One year's lawlessness is another year's court docket. The summer of 2018 saw unprecedented mayhem between Portland's warring protesters—and the riot police who cracked down on the leftist contingent of demonstrators. The results of those confrontations appeared in a different venue this week: courthouses.
What happened in 2018: In June, right-wing brawler Tusitala "Tiny" Toese jumped out of a pickup truck and punched Tim Ledwith, an antifascist protester who had insulted him. The attack marked an escalation of Portland's street violence: It occurred on the sidewalk, outside the context of a scheduled protest. Last February, prosecutors indicted Toese. He left Washington state for American Samoa.
What happened this week: Toese flew into Portland International Airport—where he was arrested Oct. 4 by the U.S. Marshal Service. On Oct. 7, he pleaded not guilty to assault charges in Multnomah County Circuit Court. After his hearing, Toese responded to press questions by reciting the credo of the Proud Boys, a right-wing men's group: "I'm a proud Western chauvinist and I refuse to apologize for creating a modern world."
What happened in 2018: Leftist protesters gathered in downtown in August to oppose a gathering led by Vancouver, Wash.-based demonstrator Joey Gibson. Police fired flash-bang munitions into the antifascist crowd. Aaron Anthony Cantu said he was running away from police when he was struck in the back of the head with an explosive device that penetrated the bike helmet he was wearing.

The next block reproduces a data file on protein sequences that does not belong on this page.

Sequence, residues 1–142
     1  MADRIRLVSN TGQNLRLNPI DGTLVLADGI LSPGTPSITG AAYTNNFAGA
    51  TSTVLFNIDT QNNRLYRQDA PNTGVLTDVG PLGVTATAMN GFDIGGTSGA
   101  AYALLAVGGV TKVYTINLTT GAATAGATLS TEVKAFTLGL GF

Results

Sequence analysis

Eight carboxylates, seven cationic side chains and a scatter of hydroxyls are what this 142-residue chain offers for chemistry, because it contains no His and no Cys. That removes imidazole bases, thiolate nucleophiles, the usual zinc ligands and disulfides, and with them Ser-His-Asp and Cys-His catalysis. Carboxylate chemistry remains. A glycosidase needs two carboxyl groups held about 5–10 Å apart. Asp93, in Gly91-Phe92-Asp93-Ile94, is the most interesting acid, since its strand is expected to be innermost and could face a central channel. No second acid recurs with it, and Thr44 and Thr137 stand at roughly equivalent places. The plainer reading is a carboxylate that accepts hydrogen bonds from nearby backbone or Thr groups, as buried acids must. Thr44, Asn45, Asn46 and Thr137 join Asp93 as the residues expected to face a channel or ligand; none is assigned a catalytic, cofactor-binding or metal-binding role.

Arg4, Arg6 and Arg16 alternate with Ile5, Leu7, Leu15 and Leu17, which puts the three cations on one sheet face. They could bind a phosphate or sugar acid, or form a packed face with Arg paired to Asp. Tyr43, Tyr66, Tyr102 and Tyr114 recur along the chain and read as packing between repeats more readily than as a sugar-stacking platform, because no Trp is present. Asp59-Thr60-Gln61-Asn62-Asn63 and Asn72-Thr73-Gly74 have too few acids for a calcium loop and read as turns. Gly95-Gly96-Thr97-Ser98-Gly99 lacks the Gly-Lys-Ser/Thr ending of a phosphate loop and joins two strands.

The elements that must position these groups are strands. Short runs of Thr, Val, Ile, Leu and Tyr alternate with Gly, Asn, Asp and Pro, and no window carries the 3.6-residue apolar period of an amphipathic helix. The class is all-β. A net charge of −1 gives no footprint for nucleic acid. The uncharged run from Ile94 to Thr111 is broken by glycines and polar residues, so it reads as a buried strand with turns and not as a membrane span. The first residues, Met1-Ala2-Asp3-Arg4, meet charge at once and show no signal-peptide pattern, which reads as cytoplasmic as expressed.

What happened this week: Cantu and two other protesters filed a federal civil rights lawsuit Oct. 7 against the city of Portland and its police officers. Cantu says in the lawsuit that he still suffers from dizziness and tinnitus. His attorneys argue that the Portland Police Bureau has a practice of responding with disproportionate violence to left-wing protesters. "The decision to fire explosives at the heads of protesters and use rubber bullets on fleeing, nonviolent protesters in this case was made by PPB officials […] who are sufficiently senior that the decision may fairly be said to represent official policy of the city of Portland," the lawsuit says. PPB declined to comment on the lawsuit, but said it's not currently using "aerial distraction devices" as crowd control.